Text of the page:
Kaeldra has always been treated differently. For one thing, she lives with a foster family and in their little village, it's obvious she's not of their country. She is tall and willowy and blonde in a whole village of short and dark and sturdy. Their eyes are dark or blue. Her eyes are a startling green. Green eyes, it is said, come from being dragon-touched. They say that when Kaeldra's ancestor was alive, she was who had given this dragon's touch to Kaeldra. When trouble comes, it's Kaeldra's foster sister, Lyf, who is in trouble. Only Dragon's Milk will cure little Lyf of the vermilion fever which has her in its grip. But if Kaeldra can find dragons and brave their tricky schemes for their milk, then certainly she can find dragons for warriors in training to kill, right? Even if she doesn't want to...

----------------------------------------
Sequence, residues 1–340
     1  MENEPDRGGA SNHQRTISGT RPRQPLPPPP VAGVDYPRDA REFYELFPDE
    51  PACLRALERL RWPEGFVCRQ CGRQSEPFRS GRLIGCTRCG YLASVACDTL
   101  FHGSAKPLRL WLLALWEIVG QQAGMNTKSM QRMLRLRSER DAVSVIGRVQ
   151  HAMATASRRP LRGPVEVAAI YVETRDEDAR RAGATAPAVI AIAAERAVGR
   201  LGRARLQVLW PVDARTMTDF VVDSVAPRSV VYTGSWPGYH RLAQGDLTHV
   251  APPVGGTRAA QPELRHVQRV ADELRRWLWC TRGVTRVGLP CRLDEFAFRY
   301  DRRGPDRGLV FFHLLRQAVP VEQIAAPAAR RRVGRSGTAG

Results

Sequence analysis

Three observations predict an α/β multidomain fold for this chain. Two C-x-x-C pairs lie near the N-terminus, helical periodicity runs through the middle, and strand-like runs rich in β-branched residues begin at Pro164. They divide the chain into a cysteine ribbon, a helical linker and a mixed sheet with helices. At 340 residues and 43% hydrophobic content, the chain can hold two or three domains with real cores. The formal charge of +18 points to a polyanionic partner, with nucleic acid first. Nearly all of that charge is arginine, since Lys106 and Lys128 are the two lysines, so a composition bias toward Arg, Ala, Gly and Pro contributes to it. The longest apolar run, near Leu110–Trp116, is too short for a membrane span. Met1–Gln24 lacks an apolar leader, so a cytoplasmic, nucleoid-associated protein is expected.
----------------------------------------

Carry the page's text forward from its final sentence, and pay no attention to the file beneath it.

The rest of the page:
Stop it now, Rat.
A goody from NPR This Weekend is an excerpt from Daniel Woodrell's 'Winter's Bone'. It's garnering comparisons to True Grit and Dicey's Song, and is described as well-articulated teen angst. Sounds promising!
I really wish I'd saved the Contra Costa paper the other day -- someone took a picture of a church marquee that read 'Believe it or not -- it is NOT hotter than hell!' Well, it's hot...enough lately to boost book sales. Seriously. What else should you do when it's too hot to even run the TV? Read!